Most Miniature Bull Terriers do not get along with other dogs of the same sex. This interaction can and oftentimes, will lead to brawling. Neutering will help, in some cases. Cats, guinea pigs, rabbits and other small animals do not fare well living with Mini Bulls. Unfortunately, Mini Bulls tend to attack them so this breed is not for everyone.
Common Health Problems
Miniature Bull Terriers are predisposed to developing eye lens discoloration. This causes blindness somewhere around 3 years of age or later. Blindness is the most serious problem within the breed. White dogs tend to have a problem with deafness. Deafness does not mean that the dog cannot lead a full and healthy life. There are simply different ways to catch his attention and training will be done with hand signals as opposed to words. Sub-aortic Stenosis, Entropion, allergies and mitral valve dysplasia also occur in this feisty breed.
Most Mini Bulls live somewhere between 11 and 14 years.
The Miniature Bull Terrier is a highly active dog. He loves to run and play. A fenced-in backyard with plenty of toys will keep him happy however; a Mini Bull is quite happy living in a large apartment provided he is walked regularly. Walks must be brisk and relatively long to keep him in great shape. Remember, he will still go rip-roaring through the house to stretch his leg muscles and… just to have fun. Without proper exercise, Miniature Bull Terriers often become destructive. They can tear up a house and destroy the furniture in no time at all. Exercise and mental stimulation through play are essential to the Miniature Bull Terrier’s well-being, as well as that of your belongings.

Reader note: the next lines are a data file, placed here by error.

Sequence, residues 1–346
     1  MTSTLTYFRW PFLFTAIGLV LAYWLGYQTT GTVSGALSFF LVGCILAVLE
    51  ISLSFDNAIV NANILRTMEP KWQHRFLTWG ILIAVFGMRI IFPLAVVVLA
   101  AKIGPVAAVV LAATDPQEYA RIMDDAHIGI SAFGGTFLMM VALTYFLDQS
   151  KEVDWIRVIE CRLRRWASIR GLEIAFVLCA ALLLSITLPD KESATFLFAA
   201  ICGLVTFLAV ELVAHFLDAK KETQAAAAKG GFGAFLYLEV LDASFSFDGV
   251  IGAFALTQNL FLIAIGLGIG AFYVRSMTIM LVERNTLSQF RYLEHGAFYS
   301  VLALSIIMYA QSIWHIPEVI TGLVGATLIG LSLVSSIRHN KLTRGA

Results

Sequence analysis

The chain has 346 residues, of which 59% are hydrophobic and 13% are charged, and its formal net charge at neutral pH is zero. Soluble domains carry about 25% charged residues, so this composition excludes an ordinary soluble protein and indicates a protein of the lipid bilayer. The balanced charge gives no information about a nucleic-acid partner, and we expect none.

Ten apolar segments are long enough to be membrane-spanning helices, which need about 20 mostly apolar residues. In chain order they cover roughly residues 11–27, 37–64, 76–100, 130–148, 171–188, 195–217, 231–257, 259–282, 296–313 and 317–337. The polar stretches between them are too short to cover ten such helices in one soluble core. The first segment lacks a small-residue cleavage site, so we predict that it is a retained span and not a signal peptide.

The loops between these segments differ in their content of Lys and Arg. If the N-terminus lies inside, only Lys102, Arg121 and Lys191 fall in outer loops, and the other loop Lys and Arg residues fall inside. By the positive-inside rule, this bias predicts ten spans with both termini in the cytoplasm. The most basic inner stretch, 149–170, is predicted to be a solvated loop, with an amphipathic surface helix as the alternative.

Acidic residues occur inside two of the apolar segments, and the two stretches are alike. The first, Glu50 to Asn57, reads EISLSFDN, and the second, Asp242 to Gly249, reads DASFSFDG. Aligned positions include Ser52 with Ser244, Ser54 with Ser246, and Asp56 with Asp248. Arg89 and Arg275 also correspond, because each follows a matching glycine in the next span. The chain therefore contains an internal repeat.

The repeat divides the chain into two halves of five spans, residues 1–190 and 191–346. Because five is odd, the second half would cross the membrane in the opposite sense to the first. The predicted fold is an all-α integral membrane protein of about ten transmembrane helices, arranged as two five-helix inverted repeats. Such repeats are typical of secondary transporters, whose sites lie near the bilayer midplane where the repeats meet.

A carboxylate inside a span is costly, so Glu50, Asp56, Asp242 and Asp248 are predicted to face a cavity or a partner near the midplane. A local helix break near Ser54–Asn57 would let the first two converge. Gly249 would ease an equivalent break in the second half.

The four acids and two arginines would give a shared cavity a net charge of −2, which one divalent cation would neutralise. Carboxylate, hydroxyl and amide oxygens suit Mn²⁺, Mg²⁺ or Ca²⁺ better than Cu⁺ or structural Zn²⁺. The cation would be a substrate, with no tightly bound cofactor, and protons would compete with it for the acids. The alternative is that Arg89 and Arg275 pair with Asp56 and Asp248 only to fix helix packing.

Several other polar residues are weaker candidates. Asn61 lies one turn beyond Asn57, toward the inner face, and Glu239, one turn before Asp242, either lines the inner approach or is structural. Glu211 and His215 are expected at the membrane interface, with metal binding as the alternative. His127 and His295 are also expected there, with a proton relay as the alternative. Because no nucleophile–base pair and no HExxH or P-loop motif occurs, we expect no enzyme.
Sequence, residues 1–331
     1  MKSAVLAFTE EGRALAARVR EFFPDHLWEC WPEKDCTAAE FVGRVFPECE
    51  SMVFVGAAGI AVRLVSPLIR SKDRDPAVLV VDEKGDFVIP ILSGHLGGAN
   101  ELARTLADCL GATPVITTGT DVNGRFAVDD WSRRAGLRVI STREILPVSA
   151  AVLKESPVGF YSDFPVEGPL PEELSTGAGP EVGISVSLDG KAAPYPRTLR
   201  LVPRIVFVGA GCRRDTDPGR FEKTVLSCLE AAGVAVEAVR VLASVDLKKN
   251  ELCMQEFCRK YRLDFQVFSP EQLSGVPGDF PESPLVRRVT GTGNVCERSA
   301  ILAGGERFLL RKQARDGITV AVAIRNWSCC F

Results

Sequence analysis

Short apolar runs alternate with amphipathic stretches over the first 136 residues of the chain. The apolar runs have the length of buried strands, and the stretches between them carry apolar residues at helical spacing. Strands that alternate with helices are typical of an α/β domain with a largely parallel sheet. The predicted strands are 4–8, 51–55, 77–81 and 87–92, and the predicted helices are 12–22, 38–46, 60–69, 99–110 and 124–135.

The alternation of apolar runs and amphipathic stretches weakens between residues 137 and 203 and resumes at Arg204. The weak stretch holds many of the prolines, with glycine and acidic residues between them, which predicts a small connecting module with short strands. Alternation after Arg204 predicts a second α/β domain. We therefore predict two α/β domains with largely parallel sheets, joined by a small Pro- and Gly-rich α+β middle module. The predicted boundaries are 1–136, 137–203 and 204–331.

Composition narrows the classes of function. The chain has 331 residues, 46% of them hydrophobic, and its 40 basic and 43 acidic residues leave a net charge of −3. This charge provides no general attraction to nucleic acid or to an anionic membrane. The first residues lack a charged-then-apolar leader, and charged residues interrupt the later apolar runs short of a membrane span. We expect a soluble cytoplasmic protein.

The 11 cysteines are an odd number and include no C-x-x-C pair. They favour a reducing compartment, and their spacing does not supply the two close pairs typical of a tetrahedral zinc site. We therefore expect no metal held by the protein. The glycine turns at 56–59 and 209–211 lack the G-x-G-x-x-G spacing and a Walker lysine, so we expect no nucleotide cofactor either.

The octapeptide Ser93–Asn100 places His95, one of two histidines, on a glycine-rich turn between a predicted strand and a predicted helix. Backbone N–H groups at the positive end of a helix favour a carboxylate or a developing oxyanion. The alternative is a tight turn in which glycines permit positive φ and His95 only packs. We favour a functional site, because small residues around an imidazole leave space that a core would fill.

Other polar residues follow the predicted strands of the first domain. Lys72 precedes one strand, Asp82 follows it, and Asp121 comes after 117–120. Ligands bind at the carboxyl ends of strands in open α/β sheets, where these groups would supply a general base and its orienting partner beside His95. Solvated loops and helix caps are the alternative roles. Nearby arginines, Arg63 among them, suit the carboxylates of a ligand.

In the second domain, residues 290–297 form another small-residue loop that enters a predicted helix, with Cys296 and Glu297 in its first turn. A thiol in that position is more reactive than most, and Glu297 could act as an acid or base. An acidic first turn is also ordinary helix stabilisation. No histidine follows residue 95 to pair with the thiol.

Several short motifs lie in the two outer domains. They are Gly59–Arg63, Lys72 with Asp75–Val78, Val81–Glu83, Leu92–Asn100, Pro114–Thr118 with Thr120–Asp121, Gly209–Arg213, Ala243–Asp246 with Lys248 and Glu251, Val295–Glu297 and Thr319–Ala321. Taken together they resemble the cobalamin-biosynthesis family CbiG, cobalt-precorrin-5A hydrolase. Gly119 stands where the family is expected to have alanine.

Mini Bulls are great family companions and will readily play with children for hours on end. They love to chase after balls and will be a great help to your child’s pitching arm! After a good game of catch, the Mini Bull will happily nap on the couch, snoring incessantly. Yes, Miniature Bull Terriers snore and they snore loudly!
Mini Bulls are active and equally as loving toward their family members.
The American Kennel Club says: “Bull Terriers were first meant to be rough, tough fighting dogs but now exhibit a much gentler, playful personality. As a matter of fact, the jovial nature and the distinctive egg-shaped head of the Bull Terrier made it an apt choice for Target ads and Anhauser Busch’s popular “Spuds McKenzie” ad campaign”. The Miniature Bull Terrier was recognized by the AKC in the Terrier Group in 1991.
Mini Bulls are shorthaired dogs. The coat has a harsh texture but it has a shiny and flat appearance. The body of the dog is so muscular that the skin is held taut over it. There are only two color varieties within the breed. They are white, where the dog can have some color on the head and colored, which can be any color, anywhere.
Grooming for a Miniature Bull Terrier owner is minimal. Brushing the coat every week will keep the Mini Bull’s coat looking clean and shiny. When the dog is shedding, daily brushing is best. Bathing should be done every other month, unless the dog is exceptionally smelly. Dry shampoo is a great product to use between conventional baths.
Miniature Bull Terriers are certainly adorable but they can quickly become monsters. It is of the utmost importance that you begin obedience training immediately. Puppy kindergarten classes are great and will also help your dog socialize with other dogs and people. Be sure that the puppy has had his vaccinations before taking him to formal classes.